Demand for dollars is showing up in European money markets as banks scramble to borrow cheap funds, which in turn is forcing near-term funding costs in the United States. Bankers desperate to remain liquid during the latest phase of the European sovereign debt crisis have forced the value of the dollar to its highest in three weeks, not only on account of its safe haven status, but also now as banks turn to the swaps market to churn whatever source of funding they can back into desperately needed funds. At the same time the single European currency unit is sinking across the board as storm clouds once again gather over the horizon.
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U.S. Dollar – The dollar index has now added two full index points so far this week to reach 76.00 on Thursday as its value soared by taking advantage of the best of both worlds: At least both sides of the Atlantic. The European sovereign debt crisis has the throttle fully open and televised scenes from strike-torn Athens are reminiscent of those that sparked the so-called “Flash Crash” in May 2010. The day before the legendary decline in U.S. benchmark indices the WSJ carried a front-page picture of the burning body of a policeman unlucky enough to have been hit by a firebomb. Tensions across Europe are showing up in elevated fear across a variety of asset classes as fears spill from one arena to the next. The dollar today also got an unexpected boost from a rise in new housing starts and a sharper dip in initial jobless claims.
Euro – With his Parliament under siege, Prime Minister Papandreou offered up his position as the nation’s premier to anyone who felt they could do a better job of squaring the circle. Today the political leader will reshuffle his cabinet and faces a vote of confidence across lawmakers. The euro fell on fears that leadership changes might result in an attempt to renegotiate the terms of its bailout program. Moody’s also warned that it might downgrade French banks exposed to Greece, while ECB council member Nout Wellink proposed that the region’s emergency fund may need to be enlarged if private bondholders are forced to provide additional financing for Greece. The euro has tested $1.4075 over three separate hourly timeframes and having failed to pierce below on a sustained basis has left investors concluding that maximum selling pressures have past. The euro has subsequently recovered to $1.4150.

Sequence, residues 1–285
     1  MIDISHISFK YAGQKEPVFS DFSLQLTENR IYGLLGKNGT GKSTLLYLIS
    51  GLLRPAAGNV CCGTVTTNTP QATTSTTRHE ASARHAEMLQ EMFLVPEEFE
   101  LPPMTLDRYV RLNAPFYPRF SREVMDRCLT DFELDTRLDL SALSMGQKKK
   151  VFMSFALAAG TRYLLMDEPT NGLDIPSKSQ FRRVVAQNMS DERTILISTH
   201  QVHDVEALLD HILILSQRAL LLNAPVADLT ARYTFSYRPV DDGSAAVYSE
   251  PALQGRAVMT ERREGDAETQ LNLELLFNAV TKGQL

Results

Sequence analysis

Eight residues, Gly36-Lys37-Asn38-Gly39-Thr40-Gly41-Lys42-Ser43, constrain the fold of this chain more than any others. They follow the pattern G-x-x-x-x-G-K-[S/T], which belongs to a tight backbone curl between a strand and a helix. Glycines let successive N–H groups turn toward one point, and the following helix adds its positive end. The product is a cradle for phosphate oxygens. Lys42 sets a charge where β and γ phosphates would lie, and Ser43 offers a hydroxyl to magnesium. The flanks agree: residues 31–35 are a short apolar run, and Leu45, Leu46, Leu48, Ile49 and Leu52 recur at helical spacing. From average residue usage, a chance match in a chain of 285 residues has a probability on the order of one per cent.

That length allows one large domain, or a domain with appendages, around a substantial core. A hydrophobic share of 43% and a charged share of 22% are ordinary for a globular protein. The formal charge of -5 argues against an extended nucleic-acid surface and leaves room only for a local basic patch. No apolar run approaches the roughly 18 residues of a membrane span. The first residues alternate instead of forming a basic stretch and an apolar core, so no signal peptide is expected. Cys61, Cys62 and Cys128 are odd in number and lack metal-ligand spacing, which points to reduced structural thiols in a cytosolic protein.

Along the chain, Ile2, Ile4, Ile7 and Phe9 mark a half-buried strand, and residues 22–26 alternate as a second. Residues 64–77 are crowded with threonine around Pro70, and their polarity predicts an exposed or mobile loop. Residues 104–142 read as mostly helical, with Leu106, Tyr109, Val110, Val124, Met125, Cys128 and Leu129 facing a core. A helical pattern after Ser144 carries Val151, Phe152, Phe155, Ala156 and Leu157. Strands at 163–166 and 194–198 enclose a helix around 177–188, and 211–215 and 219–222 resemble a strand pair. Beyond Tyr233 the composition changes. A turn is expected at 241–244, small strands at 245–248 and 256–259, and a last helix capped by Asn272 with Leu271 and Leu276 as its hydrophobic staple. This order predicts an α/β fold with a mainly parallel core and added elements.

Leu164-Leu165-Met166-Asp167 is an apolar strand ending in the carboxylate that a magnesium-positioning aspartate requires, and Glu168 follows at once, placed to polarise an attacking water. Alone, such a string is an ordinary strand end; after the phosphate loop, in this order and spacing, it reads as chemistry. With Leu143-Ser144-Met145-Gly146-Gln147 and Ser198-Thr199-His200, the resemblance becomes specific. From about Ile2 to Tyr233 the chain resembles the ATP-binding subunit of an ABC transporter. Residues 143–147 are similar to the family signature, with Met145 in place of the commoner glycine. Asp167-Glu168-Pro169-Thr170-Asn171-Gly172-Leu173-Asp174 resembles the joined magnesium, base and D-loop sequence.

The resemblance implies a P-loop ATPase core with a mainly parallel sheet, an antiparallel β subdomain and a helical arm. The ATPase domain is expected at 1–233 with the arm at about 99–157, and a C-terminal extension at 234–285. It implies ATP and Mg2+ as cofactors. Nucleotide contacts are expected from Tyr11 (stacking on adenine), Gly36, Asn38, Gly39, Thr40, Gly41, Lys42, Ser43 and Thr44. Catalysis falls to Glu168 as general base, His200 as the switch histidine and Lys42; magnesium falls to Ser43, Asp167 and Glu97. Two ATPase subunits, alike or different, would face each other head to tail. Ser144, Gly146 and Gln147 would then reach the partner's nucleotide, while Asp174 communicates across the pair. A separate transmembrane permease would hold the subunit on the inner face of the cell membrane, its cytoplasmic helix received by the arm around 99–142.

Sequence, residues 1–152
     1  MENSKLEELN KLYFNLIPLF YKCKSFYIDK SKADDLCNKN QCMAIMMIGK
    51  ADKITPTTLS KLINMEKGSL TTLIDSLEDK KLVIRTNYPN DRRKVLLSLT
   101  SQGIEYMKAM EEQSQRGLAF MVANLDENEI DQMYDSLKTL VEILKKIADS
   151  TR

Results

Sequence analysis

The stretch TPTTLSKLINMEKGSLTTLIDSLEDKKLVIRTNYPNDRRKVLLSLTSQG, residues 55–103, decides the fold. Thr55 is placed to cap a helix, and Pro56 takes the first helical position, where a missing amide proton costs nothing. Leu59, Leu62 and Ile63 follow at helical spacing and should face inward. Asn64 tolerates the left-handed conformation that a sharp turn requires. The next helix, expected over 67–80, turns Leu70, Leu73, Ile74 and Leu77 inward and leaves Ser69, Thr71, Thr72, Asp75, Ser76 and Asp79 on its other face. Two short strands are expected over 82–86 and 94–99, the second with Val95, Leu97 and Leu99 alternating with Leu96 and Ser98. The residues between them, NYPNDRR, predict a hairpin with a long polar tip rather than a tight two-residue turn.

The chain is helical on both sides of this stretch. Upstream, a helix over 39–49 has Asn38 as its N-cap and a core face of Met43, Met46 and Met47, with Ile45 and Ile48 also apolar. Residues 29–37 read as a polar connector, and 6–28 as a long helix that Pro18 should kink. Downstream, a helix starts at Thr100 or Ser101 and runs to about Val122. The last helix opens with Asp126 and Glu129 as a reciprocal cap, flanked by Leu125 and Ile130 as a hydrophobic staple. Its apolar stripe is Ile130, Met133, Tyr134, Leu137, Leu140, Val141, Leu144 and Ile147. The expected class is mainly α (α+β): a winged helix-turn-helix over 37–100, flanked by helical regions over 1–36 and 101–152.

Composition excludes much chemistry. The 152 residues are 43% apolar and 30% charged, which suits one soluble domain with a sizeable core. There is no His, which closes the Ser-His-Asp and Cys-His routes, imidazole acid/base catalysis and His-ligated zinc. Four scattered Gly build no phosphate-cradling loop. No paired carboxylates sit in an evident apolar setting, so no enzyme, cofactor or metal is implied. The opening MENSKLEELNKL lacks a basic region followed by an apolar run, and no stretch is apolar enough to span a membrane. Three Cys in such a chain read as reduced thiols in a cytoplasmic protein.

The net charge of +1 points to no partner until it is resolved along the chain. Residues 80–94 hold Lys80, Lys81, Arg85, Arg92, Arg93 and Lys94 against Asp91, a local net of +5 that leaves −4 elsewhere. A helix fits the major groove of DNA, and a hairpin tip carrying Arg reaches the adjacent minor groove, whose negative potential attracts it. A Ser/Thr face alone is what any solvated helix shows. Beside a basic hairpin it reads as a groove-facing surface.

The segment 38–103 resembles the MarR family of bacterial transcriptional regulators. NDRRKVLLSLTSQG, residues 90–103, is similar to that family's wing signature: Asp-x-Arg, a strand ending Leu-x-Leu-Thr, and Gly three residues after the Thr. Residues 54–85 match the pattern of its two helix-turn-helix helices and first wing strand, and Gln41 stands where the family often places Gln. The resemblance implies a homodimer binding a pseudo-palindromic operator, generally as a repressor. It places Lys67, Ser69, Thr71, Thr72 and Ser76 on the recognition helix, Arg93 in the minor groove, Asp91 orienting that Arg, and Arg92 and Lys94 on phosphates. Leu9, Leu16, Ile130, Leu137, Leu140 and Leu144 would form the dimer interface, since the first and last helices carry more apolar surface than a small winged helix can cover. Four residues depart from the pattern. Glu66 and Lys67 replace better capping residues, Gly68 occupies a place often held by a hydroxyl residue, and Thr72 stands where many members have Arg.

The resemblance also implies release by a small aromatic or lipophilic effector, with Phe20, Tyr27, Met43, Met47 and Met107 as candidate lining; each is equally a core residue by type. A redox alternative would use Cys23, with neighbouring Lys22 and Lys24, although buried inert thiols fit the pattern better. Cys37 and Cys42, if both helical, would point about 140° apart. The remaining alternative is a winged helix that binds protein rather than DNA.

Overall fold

British pound – Analysts failed to predict a bearish enough view of consumption in May as shoppers closed their wallets after a warm and holiday-laden April on account of the royal wedding. Retail sales across Britain fell by 1.4% between months leaving sales ahead on an annual basis by just 0.2%. The report massively undershot market expectations and caused the pound to plunge to its weakest in three weeks reaching $1.6079. The statistical office cited retailers pointing to high fuel costs and prospects for employment as reason to stay at home. The decline was the biggest in 16 months while a 3.7% slide in food sales was the sharpest in almost three years. The pound built on declines resulting from a midweek report showing the largest jump in jobless claims in two years. The pound also eased per euro to 87.71 pence.